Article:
In the hardware world it is inevitable to use magnitudes when we talk about storage or capacity. Megabyte, Gigabyte, Terabyte and even Petabyte are very common terms that we use on a daily basis but how big is this? In this article we are going to put all these magnitudes in perspective so that you can get an idea of what they mean in a specific context.
It is easy to understand that 500 Gigabytes is more than 100 Gigabytes. You probably also know that a Terabyte is 1024 Gigabytes, but if you are not familiar with the architecture of computers, these terms are quite abstract. Although you can easily visualize magnitudes such as a meter or a liter, when we talk about a Terabyte or a Petabyte, things change, right?
To put this in perspective, let’s take a look at the storage sizes used by computers to see how large the quantities we handle on a daily basis are.
Bits and Bytes, the most basic units
A bit is the smallest unit that can be stored in a computer. Since PCs use the binary system, each bit can be either a zero (0) or a one (1). To put this in perspective, one bit is enough to store whether a value is true or false; for example, in a PC game, a single bit can be 1 if the player has obtained a certain object, or 0 if he has not obtained it.
Eight bits together are called byte , which by calling it in an understandable way, are the “blocks” of storage. A byte can have 256 possible values depending on the bits it contains, and to give you an idea, a single character from the ASCII alphabet occupies one byte.
Kilobytes and Megabytes
A Kilobyte (KB) is the first of the main data groupings, and is equivalent to 1000 bytes (you will recognize it by its prefix “kilo” which means thousand, since it is used in other quantities such as kilometers). To give you an idea, a text file with 1000 characters occupies approximately 1 KB.
The last size before reaching the largest denominations is the Megabyte (MB), which is equivalent to 1000 KB or one million bytes. One megabyte contains approximately one minute of music compressed into MP3, or to give you another perspective, a normal audio CD occupies 700 MB. However, you have to keep in mind that a Megabyte (MB) is not the same as a Megabit (Mb), which is a million bits. Thus, a Megabyte is 8 Megabits .
Before continuing, we must mention the difference between how computers and humans measure storage. Due to how the binary system works, a Kilobyte actually equals 1024 bytes, and not 1000. That variation increases as you move up the size scale, which is why a 250GB hard drive, for example, shows only 232 GB available.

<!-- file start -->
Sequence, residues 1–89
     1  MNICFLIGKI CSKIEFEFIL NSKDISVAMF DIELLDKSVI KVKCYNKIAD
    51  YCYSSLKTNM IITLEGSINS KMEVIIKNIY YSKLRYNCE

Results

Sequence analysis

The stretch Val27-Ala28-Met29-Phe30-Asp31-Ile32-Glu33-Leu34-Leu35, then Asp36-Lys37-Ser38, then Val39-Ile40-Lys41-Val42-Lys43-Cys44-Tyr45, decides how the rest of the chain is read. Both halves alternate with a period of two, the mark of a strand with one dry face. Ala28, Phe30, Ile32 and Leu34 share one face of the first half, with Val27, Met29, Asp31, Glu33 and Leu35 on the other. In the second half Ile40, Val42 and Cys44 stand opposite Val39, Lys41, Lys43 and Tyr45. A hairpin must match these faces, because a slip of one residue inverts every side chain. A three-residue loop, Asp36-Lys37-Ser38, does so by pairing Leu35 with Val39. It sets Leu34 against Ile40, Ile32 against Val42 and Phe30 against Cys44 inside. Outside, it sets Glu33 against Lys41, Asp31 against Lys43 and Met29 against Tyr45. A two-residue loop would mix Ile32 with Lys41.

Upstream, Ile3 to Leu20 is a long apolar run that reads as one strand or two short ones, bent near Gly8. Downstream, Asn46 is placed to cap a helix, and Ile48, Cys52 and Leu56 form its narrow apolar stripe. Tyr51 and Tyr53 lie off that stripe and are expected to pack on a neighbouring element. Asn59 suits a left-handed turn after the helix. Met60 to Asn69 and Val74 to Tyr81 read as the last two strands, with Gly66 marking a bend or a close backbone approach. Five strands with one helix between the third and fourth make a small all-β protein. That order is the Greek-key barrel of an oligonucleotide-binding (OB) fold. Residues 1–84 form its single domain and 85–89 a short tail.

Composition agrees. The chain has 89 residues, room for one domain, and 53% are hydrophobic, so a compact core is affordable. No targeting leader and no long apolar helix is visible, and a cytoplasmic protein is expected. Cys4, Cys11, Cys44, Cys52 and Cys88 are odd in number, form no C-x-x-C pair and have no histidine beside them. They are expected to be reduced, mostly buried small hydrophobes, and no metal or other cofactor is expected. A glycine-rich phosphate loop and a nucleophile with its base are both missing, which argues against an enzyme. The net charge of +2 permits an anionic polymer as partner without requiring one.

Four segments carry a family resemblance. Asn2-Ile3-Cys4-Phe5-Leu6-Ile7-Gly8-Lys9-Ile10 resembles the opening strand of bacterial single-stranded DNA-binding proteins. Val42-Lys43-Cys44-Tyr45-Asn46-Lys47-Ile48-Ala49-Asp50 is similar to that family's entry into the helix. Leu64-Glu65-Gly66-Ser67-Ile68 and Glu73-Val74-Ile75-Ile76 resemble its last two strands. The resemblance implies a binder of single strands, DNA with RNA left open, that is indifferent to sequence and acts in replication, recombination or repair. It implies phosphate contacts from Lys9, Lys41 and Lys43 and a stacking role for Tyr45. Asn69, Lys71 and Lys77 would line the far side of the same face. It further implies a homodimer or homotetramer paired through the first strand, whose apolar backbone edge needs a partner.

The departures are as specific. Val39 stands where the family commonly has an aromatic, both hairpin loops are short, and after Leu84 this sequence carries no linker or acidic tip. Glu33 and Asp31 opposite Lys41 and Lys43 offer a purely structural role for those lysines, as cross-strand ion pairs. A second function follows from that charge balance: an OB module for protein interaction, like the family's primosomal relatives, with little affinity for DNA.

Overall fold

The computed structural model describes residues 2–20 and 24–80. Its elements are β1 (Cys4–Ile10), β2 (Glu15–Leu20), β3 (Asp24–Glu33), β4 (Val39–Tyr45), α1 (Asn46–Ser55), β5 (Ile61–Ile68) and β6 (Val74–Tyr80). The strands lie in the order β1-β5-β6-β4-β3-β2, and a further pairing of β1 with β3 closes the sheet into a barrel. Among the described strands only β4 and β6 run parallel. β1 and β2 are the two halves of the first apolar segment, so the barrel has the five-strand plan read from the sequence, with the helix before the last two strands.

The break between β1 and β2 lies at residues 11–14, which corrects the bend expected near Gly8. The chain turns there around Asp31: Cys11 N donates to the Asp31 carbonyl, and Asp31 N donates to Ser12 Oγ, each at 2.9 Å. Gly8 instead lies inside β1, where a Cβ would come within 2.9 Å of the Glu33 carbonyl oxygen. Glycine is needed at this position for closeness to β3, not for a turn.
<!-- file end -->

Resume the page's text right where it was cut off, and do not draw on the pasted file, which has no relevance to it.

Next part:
Because the correct definition of prefixes such as “giga” is that it should be a multiple of 1000, for simplicity it is used even though it is actually 1024. The correct prefixes should be ” kibi ” or ” gibi “, but by standardization, it is not use.
Gigabyte, Terabyte and Petabyte
The terms Gigabyte and Terabyte are probably very familiar to you, and they are the most common storage units today. If you wonder how many bytes are in a Gigabyte or Terabyte, remember that the number is multiplied by 1000 each time you increase the magnitude.
We have already seen that there are 1000 bytes in a Kilobyte, and that there are 1000 Kilobytes in a Megabyte; Since a Gigabyte is 1000 Megabytes, then we have that in a Gigabyte there are no less than 1000 million bytes. In perspective, approximately 230 MP3 songs or three minutes of 4K video at 30 FPS enter 1 GB. A DVD is capable of storing 4.7 GB in total.
Moving on to Terabytes, following the same rule is 1000 GB. To put this in perspective, we would need 1,430 CDs or 213 DVDs to fill one Terabyte of storage. Another example would be that, as it has been calculated, the US National Library houses 74 TB of data, or at the end of 2019 Google announced that Google Books contained more than 40 million titles, occupying about 40 TB of storage.
As for Petabytes (PB) , it would have to be multiplied by 1000 again. To put this magnitude of storage in perspective, scientists estimate that the brain has room to store about 2.5 PB in memories. 1 PB would be enough space to store a 1080p resolution video recording 24 hours a day for 3.5 years.
There are of course other larger magnitudes: Exabytes, Zettabytes, and Yottabytes. To give you an idea, in 2004 1 EB of Internet traffic was exceeded for the first time in a single month, in 2017, the Internet managed 122 EB of data per month, or in 1 EB, 11 million movies would enter 4K resolution .
As for the Zettabytes, which we already talked about 1000 Exabytes, a curious fact is that the International Data Corporation calculated that all the data in the world stored in 2018 added up to 33 Zettabytes in total. Finally, with respect to Yottabytes, we are talking about 1000 zettabytes, and the comparisons with real-world terms are almost ridiculous, because we are talking, for example, of 257,054 thousand trillion DVDs.